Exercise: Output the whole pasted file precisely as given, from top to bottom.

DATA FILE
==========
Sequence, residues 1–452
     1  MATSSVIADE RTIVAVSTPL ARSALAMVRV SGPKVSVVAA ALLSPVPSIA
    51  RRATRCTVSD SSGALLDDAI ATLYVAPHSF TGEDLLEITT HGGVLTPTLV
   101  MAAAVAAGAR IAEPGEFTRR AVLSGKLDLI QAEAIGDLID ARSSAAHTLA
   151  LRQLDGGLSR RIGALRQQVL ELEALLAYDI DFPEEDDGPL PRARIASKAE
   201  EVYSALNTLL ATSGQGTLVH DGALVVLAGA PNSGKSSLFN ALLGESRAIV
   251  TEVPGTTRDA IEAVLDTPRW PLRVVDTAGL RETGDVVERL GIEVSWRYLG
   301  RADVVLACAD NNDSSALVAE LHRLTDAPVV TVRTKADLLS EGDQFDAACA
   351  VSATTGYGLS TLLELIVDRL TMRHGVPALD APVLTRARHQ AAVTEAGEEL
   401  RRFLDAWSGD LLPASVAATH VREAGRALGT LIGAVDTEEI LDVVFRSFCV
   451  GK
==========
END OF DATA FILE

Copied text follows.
Sequence, residues 1–452
     1  MATSSVIADE RTIVAVSTPL ARSALAMVRV SGPKVSVVAA ALLSPVPSIA
    51  RRATRCTVSD SSGALLDDAI ATLYVAPHSF TGEDLLEITT HGGVLTPTLV
   101  MAAAVAAGAR IAEPGEFTRR AVLSGKLDLI QAEAIGDLID ARSSAAHTLA
   151  LRQLDGGLSR RIGALRQQVL ELEALLAYDI DFPEEDDGPL PRARIASKAE
   201  EVYSALNTLL ATSGQGTLVH DGALVVLAGA PNSGKSSLFN ALLGESRAIV
   251  TEVPGTTRDA IEAVLDTPRW PLRVVDTAGL RETGDVVERL GIEVSWRYLG
   301  RADVVLACAD NNDSSALVAE LHRLTDAPVV TVRTKADLLS EGDQFDAACA
   351  VSATTGYGLS TLLELIVDRL TMRHGVPALD APVLTRARHQ AAVTEAGEEL
   401  RRFLDAWSGD LLPASVAATH VREAGRALGT LIGAVDTEEI LDVVFRSFCV
   451  GK